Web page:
From More San Fran60s : The Beatles' Last Concert

The Beatles pop group, left to right, Paul McCartney, John Lennon, Ringo Starr and George Harrison.
The Beatles pop group, left to right, Paul McCartney, John Lennon, Ringo Starr and George Harrison.

There was rock 'n roll and there was the Beatles. Their last concert anywhere, ever, was in San Francisco on August 29, 1966, and later it was hard not to see some connection with the counter culture that would be bursting onto the world from the same location in only six months.

The concert was at Candlestick Park and the traffic on the freeway and on the frontage road into the parking lot was chaotic and tedious.

My roommate Mike and I were in my car, stopped dead on the approach to the parking lot, eagerness welling, frustration too, when suddenly Mike exclaimed, "Shit!"

I looked over at him and then looked where he was looking and exclaimed, "Shit!"

There was a car caravan with a Loomis armored car at the center and behind that a huge bus and behind that some cars, and at the head of the caravan was a cop station wagon, and they were tearing along the peripheral road on the far side of the parking lot. Behind the caravan's rooster tail of dust, which was bent toward the Bay by ocean wind, two Volkswagen bugs were coming up fast.

A mob of a couple hundred kids also saw the caravan and ran screaming toward the right field entrance which was a sliding pink door that the caravan was also headed toward. But the rent-a-cops couldn't get the padlock open so one of them waved the caravan to veer into the empty parking lot where it drove around in circles chased by screaming kids a few of whom were able to leap onto the back of the armored car.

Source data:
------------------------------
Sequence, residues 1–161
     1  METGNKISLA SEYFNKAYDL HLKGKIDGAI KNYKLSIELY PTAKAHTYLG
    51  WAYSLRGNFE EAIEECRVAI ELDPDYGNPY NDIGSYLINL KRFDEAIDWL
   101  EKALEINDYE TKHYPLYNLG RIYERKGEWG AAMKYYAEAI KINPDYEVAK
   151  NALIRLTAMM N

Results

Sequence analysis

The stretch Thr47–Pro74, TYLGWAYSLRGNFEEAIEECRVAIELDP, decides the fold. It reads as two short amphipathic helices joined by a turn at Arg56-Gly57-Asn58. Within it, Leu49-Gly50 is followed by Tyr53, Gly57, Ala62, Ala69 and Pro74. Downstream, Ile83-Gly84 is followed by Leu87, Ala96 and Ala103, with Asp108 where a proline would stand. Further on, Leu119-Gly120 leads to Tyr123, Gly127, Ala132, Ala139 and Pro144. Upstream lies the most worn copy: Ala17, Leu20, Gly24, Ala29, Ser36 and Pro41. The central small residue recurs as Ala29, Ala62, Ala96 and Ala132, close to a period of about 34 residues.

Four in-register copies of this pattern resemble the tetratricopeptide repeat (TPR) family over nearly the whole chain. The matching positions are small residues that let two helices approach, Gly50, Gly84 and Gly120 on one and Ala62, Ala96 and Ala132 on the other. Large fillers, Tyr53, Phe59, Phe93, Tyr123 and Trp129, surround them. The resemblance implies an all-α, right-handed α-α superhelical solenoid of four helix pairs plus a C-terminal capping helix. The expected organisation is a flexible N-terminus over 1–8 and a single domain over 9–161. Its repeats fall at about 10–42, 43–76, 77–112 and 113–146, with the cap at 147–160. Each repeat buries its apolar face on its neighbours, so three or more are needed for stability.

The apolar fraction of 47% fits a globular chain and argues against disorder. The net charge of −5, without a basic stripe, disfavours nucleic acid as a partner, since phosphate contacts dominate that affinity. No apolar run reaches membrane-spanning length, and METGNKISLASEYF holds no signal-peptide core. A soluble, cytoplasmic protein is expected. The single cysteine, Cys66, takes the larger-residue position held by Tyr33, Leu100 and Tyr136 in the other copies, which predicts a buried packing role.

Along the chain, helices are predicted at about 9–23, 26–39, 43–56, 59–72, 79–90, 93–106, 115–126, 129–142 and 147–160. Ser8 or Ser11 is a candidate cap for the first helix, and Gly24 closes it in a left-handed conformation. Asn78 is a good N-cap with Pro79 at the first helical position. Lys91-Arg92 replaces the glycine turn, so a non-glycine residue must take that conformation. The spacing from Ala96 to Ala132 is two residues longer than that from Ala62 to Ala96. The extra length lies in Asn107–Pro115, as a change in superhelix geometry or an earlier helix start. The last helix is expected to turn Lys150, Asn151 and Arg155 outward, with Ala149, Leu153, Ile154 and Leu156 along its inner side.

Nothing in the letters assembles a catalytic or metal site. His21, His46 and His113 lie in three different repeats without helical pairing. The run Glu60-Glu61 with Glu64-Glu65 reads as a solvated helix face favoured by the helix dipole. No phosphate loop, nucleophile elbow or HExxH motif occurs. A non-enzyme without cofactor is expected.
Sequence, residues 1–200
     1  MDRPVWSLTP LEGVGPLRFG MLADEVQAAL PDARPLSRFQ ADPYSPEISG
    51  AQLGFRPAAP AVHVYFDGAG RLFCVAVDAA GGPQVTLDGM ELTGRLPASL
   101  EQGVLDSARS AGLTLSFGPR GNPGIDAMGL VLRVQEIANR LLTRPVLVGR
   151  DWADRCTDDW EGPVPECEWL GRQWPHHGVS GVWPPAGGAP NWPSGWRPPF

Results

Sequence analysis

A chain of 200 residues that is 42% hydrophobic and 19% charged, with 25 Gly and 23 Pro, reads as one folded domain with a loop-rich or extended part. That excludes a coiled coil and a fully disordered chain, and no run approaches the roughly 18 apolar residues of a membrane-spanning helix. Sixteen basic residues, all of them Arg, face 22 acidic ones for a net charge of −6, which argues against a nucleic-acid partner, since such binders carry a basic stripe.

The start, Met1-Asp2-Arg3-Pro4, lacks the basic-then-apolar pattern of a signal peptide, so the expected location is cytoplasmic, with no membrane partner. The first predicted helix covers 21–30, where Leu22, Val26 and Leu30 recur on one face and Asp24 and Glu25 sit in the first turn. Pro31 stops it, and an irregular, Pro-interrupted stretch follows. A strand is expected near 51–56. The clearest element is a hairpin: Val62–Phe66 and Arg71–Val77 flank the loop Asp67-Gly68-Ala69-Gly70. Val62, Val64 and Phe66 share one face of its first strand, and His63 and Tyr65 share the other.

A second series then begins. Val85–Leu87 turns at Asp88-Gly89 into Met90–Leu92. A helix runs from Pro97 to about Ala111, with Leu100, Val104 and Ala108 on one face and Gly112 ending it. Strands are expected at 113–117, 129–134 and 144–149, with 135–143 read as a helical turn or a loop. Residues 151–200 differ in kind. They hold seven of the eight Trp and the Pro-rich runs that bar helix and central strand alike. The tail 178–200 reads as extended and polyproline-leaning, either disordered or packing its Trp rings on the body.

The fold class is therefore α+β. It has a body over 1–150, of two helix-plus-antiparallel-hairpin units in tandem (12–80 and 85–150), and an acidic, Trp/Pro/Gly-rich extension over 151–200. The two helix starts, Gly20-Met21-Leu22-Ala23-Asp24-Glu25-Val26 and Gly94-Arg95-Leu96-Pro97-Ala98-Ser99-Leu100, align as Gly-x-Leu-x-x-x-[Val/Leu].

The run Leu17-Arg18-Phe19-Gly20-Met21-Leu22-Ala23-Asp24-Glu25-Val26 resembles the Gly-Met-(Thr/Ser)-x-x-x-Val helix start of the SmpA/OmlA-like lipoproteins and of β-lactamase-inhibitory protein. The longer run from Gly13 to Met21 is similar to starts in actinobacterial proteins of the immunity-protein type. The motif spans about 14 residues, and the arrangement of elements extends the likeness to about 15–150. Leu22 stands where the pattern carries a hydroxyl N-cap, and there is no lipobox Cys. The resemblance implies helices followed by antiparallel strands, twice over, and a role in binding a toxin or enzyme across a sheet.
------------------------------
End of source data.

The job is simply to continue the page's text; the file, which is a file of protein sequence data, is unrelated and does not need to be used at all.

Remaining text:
"It's just like... 'Hard Day's Night,'" I said.


More rent-a-cops arrived at the pink door and were able finally to open it. The caravan drove toward it but slowly, with kids jumping off and on and rent-a-cops grabbing those they could. Then the caravan had to slow to a near stop because the doorway allowed only one car at a time. That gave rent-a-cops an opportunity to pry the last kids off the armored car.

Finally the caravan was in. The two Volkswagen bugs tried to follow but were blocked by rent-a-cops. Back on the frontage road approaching the parking lot, traffic started moving, and as Mike and I pulled away from the scene I saw a girl sobbing and shrieking, "I saw him! I saw him!" Her bellbottoms flapped in the wind.

Conservative Christians picketed the gates into the parking lot for some statement about Jesus by John Lennon that they willfully distorted.

As we passed through the gates, I asked, "Hear about them burning Beatle records?"

"Yeah... This week records, last week crosses."

The Klan had led protests outside the Washington, D.C. concert and there were assassination threats in Memphis where a firecracker exploded on stage and the Beatles thought they were being shot at. In Cleveland, twenty-five hundred fans broke through the rent-a-cops and forced the band to flee the stage. So security at Candlestick was really tight, cops private and public everywhere....